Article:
The photo is sourced from scmp.com
The project is to be fulfilled by 2024 on the Yellow River. The plant will generate 5 billion kilowatt-hours of electricity (kWh) annually, enough to provide power to 50 million people in Henan province of the east-central China.
The Yangqu hydroelectric dam is not the only infrastructure project in China that is being implemented using additive technologies (layer-by-layer build-up of objects). Say, in 2021, the Tsinghua University School of Architecture 3D-printed a concrete bookstore in Shanghai’s Wisdom Bay Innovation Park. In turn, Polymaker, a company specialising in the production of filaments for 3D printing, together with construction company Shanghai Mechanized Construction Group Co., printed a fifteen-metre pedestrian bridge, which was subsequently installed in Shanghai.
Additive technologies are gaining increased use in the energy sector. For instance, the Commonwealth Scientific and Industrial Research Organization (CSIRO) in Australia uses 3D printing facilities to produce rolled photovoltaic cells, and the US company RCAM Technologies produces high-rise wind turbines. Other examples include the UK branch of Siemens, which uses 3D printing to produce gas turbine blades (a technology that saves time by 90%), and the UAE-based D-Idea, which prints the so-called smart palm trees, that is, reinforced plastic photovoltaic structures used for mobile phone charging stations in Dubai.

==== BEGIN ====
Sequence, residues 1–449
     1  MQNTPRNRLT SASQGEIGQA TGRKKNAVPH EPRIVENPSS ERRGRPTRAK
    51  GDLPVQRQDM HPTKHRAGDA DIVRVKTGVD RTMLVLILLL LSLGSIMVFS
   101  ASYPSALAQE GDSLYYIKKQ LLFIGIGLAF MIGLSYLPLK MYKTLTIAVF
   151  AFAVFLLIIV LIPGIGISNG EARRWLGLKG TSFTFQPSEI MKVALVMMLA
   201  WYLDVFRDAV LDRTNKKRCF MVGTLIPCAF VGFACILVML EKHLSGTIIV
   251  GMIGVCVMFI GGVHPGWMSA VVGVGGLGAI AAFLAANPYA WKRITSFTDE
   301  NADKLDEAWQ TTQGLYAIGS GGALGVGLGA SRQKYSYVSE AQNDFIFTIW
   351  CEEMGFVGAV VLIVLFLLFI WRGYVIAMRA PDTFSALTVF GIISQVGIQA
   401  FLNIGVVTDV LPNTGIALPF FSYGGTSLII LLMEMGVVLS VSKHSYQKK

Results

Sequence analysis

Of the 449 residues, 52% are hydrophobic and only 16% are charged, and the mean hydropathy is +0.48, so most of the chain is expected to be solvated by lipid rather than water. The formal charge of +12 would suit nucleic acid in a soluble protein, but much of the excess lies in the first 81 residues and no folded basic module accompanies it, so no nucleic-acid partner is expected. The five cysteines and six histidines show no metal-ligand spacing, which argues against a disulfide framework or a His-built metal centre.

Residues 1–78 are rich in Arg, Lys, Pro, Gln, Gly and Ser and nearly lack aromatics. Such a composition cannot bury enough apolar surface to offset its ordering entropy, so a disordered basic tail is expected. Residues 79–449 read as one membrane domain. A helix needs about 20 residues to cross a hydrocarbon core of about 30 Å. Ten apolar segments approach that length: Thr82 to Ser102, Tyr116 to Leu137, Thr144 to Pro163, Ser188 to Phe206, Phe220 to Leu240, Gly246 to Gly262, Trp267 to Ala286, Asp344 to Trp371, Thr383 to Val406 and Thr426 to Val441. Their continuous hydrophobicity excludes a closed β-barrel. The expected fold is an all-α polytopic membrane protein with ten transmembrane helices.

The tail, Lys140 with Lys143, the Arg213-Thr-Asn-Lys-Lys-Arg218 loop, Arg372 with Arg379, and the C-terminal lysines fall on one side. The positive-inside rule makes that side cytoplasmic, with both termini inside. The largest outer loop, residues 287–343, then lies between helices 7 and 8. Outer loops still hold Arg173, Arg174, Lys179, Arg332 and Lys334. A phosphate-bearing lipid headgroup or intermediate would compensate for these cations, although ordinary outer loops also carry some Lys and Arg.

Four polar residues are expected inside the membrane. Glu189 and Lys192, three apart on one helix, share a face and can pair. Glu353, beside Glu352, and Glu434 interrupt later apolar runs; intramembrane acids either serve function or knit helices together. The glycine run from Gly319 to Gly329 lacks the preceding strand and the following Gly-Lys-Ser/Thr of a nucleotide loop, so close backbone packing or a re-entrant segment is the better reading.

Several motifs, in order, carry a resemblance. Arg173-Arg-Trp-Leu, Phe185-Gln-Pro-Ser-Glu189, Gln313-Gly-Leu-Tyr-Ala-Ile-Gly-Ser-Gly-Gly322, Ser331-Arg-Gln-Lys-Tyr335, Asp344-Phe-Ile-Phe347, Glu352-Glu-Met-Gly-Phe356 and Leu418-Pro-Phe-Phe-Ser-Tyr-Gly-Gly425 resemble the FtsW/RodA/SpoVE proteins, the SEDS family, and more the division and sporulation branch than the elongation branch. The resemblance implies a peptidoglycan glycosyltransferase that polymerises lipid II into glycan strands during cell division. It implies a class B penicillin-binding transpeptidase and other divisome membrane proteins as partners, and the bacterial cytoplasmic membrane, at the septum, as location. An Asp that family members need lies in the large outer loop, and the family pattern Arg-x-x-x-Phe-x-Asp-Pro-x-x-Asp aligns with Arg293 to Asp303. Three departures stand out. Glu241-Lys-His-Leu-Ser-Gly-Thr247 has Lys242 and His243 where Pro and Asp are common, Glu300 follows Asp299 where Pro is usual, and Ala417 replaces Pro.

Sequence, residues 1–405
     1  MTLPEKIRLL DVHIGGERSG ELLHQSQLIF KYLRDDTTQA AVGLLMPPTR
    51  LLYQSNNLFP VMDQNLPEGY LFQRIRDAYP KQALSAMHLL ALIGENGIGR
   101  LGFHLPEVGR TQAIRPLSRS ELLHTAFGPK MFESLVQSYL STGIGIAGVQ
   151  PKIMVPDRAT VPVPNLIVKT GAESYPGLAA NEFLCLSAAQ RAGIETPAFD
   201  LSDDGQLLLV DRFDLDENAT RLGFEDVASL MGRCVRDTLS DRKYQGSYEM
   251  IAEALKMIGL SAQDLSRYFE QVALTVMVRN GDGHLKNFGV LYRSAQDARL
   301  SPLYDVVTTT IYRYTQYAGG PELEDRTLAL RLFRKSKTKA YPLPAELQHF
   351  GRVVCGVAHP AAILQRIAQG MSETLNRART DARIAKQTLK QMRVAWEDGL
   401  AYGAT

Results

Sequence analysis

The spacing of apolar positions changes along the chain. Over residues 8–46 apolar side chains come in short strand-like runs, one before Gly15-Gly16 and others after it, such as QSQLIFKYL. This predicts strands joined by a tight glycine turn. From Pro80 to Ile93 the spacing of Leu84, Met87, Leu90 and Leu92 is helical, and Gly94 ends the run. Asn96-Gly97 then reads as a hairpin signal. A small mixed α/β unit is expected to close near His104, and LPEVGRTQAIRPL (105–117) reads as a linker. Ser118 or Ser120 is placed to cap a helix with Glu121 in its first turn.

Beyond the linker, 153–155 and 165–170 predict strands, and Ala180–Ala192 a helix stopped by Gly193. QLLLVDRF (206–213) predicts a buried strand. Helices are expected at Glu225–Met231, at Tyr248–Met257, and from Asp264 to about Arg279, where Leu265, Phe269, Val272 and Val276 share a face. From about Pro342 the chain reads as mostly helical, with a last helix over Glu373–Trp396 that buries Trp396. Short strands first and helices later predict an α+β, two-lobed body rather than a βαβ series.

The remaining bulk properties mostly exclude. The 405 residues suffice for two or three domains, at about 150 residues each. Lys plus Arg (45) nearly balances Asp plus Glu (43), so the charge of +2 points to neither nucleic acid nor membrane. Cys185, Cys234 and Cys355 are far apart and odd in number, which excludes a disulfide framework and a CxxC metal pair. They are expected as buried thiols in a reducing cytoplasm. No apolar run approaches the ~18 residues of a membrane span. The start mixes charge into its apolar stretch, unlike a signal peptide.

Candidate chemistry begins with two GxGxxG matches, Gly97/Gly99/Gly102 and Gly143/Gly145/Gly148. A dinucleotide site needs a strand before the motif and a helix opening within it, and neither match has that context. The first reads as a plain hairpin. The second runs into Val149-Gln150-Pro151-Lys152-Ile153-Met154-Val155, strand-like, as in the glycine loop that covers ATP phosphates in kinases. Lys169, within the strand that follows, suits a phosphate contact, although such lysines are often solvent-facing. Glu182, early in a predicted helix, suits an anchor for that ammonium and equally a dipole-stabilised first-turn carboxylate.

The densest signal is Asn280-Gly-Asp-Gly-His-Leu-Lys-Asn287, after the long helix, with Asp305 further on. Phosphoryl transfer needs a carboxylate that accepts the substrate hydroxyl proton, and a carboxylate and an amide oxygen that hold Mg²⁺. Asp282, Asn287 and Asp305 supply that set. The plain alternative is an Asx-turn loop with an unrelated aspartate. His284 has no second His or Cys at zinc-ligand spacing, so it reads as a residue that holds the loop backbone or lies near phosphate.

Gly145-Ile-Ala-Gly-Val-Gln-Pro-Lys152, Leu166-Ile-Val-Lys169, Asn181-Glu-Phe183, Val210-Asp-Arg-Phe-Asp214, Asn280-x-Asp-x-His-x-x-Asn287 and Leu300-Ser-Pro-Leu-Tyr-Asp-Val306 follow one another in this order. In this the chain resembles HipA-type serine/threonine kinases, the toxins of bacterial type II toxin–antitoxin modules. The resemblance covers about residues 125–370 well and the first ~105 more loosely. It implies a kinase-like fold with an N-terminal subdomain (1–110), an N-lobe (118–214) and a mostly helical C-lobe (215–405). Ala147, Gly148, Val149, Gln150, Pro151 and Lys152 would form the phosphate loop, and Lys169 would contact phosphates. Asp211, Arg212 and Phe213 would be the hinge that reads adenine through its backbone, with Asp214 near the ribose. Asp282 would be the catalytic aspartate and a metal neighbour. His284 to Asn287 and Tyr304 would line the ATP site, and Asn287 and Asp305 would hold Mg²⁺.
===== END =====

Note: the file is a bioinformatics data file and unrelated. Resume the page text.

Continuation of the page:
3D print is one of the technologies of the fourth industrial revolution, which has affected the global energy industry as well. In addition to 3D printing, such technologies as “drones” that allow remote monitoring of pipelines, digital fields that facilitate oil and gas “greenfields” development, and VR simulators used for personnel training are becoming increasingly popular.